"There is a war between homosexual 'rights' and Americans' religious and First Amendment freedoms - and the 'gay' activists are winning.
     "The 'zero-sum game' is how homosexual activist law professor and Obama's EEOC (Equal Employment OpportunityCommission) appointee Chai Feldblum describes the legal battles between modern 'rights' based on homosexual 'orientation' (read: behavior) and the traditional American principle of religious liberty.
     "'Gays win, Christians lose,' Feldblum said, predicting homosexuals would win most of the legal contests.  She is proving to be correct, as the news for Americans with traditional values gets worse by the year, due to rapidly escalating homosexual and transgender activist power in the legal, cultural, political and corporate arenas…"

2 Even, In one case, after the bad guy, who it turned out happened to be an illegal alien, had been found guilty of the charge for which he had been apprehended (threatening to kill his ex-gf), and after serving his sentence for that, had been deported back to Mexico - and sought out there by the Obama and Holder DoJ to testify in the sort of case that the DoJ lawyers were trawling through the records to try to find, where there might be even some chance of getting such a conviction; or at least, a trial.  (In this instance, the officer charged with civil-rights violations of the DoJ's 'client' had sicced his dog on the fleeing perp when the latter scaled a fence in trying to avoid apprehension, and the dog got hold of one of the guy's legs, and caused the guy some pain, as did some other measures of apprehension by other police officers who were by then on the scene and who took over the apprehension, as the K-9 officer had hurt his hand fighting with the guy, who was refusing to surrender.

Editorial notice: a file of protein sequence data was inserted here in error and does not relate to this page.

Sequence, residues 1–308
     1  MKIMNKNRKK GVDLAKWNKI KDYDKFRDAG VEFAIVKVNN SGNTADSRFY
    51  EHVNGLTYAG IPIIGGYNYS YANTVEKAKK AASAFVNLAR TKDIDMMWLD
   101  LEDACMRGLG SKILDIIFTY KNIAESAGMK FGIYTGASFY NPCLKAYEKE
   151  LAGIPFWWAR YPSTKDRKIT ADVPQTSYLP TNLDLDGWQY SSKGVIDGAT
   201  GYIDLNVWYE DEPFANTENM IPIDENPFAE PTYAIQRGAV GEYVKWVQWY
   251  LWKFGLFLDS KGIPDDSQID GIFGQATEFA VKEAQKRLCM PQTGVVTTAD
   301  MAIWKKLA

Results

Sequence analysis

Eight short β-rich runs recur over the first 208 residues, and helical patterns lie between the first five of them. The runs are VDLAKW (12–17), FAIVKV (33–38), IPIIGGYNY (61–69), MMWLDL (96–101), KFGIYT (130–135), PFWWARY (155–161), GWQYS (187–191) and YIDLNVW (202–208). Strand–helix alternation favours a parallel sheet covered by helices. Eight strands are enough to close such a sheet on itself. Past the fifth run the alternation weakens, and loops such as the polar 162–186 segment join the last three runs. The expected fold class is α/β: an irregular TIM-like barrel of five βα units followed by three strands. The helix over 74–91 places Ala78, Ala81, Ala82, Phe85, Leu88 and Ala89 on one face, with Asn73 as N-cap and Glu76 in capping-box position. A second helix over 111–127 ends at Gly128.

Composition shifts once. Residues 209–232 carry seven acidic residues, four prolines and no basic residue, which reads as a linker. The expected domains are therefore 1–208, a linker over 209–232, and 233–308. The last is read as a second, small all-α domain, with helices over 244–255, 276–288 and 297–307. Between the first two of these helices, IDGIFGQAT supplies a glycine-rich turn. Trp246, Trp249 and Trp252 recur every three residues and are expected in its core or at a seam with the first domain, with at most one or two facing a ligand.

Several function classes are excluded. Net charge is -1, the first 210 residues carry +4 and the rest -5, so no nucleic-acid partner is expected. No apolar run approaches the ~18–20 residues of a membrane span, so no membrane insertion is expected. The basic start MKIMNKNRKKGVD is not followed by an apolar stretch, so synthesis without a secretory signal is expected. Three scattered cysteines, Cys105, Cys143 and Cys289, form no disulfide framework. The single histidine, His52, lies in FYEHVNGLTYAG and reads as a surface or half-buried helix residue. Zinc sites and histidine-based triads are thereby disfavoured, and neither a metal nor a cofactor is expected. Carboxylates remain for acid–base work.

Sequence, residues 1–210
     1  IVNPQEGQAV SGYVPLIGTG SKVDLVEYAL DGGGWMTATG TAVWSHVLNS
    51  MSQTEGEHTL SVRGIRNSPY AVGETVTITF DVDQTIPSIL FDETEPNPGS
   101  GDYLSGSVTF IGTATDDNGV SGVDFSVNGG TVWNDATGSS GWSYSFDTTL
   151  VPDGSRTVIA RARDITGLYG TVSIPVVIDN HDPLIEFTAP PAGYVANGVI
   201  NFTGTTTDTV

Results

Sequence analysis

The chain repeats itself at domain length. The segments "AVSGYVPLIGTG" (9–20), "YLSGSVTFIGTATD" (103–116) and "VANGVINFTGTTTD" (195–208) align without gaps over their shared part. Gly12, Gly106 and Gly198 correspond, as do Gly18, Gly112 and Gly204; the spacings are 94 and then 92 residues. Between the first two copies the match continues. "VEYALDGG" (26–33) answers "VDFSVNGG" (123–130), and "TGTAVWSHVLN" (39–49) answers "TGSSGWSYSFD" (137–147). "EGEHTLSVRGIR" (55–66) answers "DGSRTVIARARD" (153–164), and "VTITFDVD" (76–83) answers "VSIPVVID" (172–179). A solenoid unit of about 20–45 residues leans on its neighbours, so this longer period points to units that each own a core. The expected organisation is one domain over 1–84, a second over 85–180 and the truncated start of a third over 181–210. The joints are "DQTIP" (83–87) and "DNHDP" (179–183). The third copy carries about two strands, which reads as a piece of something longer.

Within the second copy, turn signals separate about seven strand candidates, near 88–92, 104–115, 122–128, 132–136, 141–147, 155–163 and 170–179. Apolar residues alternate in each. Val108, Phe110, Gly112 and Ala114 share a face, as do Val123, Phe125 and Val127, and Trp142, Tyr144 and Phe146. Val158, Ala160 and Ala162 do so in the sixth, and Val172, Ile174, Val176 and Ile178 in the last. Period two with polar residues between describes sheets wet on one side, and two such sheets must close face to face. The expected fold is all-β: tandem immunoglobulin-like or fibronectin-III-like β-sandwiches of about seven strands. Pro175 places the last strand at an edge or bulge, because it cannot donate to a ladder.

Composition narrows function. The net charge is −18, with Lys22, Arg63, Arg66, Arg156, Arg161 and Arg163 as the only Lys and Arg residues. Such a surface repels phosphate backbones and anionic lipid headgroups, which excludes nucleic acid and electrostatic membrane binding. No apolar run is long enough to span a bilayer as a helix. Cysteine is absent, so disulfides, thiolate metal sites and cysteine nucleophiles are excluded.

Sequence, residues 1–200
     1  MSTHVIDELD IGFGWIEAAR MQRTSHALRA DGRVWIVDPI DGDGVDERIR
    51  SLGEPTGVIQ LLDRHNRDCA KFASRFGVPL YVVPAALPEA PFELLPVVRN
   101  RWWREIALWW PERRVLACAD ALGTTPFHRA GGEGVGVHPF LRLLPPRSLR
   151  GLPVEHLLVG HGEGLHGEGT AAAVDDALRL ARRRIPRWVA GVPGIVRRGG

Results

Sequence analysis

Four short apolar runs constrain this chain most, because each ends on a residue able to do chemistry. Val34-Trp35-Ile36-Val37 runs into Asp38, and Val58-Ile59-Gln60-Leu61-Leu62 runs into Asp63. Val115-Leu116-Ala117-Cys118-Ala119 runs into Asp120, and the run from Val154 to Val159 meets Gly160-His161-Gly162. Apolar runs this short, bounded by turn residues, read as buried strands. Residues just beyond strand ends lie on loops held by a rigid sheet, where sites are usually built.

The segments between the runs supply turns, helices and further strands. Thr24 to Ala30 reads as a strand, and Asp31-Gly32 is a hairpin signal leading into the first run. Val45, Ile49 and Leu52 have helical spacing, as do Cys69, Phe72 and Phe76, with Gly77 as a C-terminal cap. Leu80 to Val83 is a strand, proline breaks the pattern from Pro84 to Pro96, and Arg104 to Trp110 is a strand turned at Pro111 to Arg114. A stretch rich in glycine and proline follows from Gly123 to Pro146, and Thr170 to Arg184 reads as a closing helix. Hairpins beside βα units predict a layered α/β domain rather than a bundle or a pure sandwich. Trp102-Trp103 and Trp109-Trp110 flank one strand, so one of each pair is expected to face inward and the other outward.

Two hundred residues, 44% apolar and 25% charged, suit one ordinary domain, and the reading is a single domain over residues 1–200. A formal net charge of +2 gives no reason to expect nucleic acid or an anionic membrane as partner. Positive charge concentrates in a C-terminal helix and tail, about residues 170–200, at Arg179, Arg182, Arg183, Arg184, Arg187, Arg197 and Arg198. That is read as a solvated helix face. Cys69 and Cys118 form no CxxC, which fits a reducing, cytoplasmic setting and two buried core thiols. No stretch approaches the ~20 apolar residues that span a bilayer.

Gotcha! said the DoJ team of shyster lawyers.  One of whom may have said: 'What?  That's not enough to mount a case.'  And who may have been answered by one of his cold-case buddies:  'Come on.  We've gotta find something in all this shit.'  And boy, did they find some.   

3 Any more of a clue than that needed, just google the name.

4 And how's that case mentioned above for a message being sent.  'Hey amigos - guess what.  You know those rumors about the federales under Obama?  They're true.   He is for us, man.  Pass the word.  And start packing!'  
     Another message, that needs to be sent:
     To: Speaker of the House John Boehner
     From: John Q. Public
     Subject: Misapprehensions 

     Dear John,
     You know that nice guy in the White House who takes you golfing sometimes?  He's playing you for a fool.

5 My understanding in that contretemps is that it is referring to individual rights, since every able-bodied male in the state was automatically a member of the state militia.  If the state were under attack, or for whatever reason there were a need for a militia callout, it would be all hands on deck.